The Congress is a party which has ruled India the most than anybody else. It was a dominant party between 1947 and 1967 and though it lost much of its sheen in the late 1960s, it took another decade to topple it from power at the Centre for the first time. It was back to power after a hiatus of three years and continued till 1989 when it was voted out for the second time. [Flashback 2014: The rise of Narendra Modi]The Congress could never again form a government of its own at the Centre since 1984 when Rajiv Gandhi garnered a massive majority and its subsequent governments were all coalition in nature (the minority government of PV Narasimha Rao between 1991 and 1996 and the two governments led by Manmohan Singh between 2004 and 2009 and 2009 and 2014).
The mother-son duo has failed to deliver for the grand-old party.
Congress's Lok Sabha tally went down to two digits in 2014
The decline of the grand-old party was seen over the years but 2014 has been the worst for the party which completes 129 years this year. In 1989, when the Congress's tally in the Lok Sabha went down from over 400 to below 200, thanks to the Bofors charge against Rajiv Gandhi, it was believed that the party had reached its nadir.
But in 2014, the party led by Rajiv's widow Sonia Gandhi and their son Rahul Gandhi (partially by daughter Priyanka also) touched a new low and its tally was brought down from above 200 to below 50. This is the lowest the Congress could manage since 1952 when the first election was held in India.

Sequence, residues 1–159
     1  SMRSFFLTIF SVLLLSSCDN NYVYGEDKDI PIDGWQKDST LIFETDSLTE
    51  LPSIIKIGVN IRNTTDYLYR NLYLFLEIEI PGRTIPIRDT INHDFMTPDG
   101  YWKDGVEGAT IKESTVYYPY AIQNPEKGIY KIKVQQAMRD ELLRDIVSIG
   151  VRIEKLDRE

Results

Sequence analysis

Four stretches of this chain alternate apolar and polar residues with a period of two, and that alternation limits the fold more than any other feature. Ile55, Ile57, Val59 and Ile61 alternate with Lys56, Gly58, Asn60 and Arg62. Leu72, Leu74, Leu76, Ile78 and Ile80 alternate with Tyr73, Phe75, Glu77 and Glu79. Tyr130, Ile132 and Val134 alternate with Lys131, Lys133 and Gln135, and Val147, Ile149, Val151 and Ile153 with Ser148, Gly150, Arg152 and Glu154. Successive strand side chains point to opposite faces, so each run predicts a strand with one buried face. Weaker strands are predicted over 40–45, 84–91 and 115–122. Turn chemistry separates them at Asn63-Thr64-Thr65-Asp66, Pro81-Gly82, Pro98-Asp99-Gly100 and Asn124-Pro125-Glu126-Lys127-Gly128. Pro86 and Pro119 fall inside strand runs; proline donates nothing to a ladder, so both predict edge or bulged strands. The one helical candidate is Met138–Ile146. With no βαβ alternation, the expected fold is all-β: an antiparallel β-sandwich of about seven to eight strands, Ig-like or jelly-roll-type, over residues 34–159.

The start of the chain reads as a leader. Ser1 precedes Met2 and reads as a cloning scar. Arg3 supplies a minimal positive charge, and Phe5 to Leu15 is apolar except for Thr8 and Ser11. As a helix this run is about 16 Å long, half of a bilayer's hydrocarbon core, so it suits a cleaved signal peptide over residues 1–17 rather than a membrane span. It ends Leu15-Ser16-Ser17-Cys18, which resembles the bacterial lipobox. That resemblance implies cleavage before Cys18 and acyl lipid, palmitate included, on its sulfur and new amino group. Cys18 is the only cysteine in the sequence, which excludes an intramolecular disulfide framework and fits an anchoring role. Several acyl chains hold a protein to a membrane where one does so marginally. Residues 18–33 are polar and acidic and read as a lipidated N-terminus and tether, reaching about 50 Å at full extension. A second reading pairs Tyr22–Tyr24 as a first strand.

Manmohan Singh made a decent beginning as the prime minister but was never in control of things in UPA II
And this is not all. The Congress has failed to deliver in a number of states since the 2009 parliamentary election and lost key states over the last five years, including Delhi, Rajasthan, Andhra Pradesh (now divided), Maharashtra, Rajasthan and Haryana. Currently, Karnataka is the only big state where the Congress has a government of its own. It is in the ruling coalition in some other states or is in power in some north-eastern states.
Wins or losses are part and parcel of elections but what is worrying for the Congress is that it has not been able to win the power back in many states for years now and has been pushed to the third or fourth position in those states. In states like West Bengal, Bihar, Uttar Pradesh or Tamil Nadu, the Congress has remained a fringe player and is becoming irrelevant with each passing day.
Congress never looks to be in the competition now
The latest election in Maharashtra saw the Congress falling short of even the second position in the final result. The current leadership of the Gandhis has clearly failed to turn around the decades of stagnation that the party has undergone in these states.
The party could not find any answer to Narendra Modi
But why did the Congress fail to do things as it had promised to the people after meeting a serious disaster in the four assembly elections held in December 2013?
In those elections, it not only lost two key states, it also failed to challenge the BJP and negate the appeal of rival Narendra Modi among the voters. Congress leaders were found mocking and criticising Modi whenever they found an opportunity to do so but the party went on biting the dust when it came to facing Modi in the battle of the ballots.
The Congress suffered a humongous loss in the Lok Sabha election and backed it up with another two defeats in Maharashtra and Haryana. Two more states, namely, Jammu and Kashmir and Jharkhand are currently undergoing the polls and more bad news could be in store for the party on December 23 when results come out.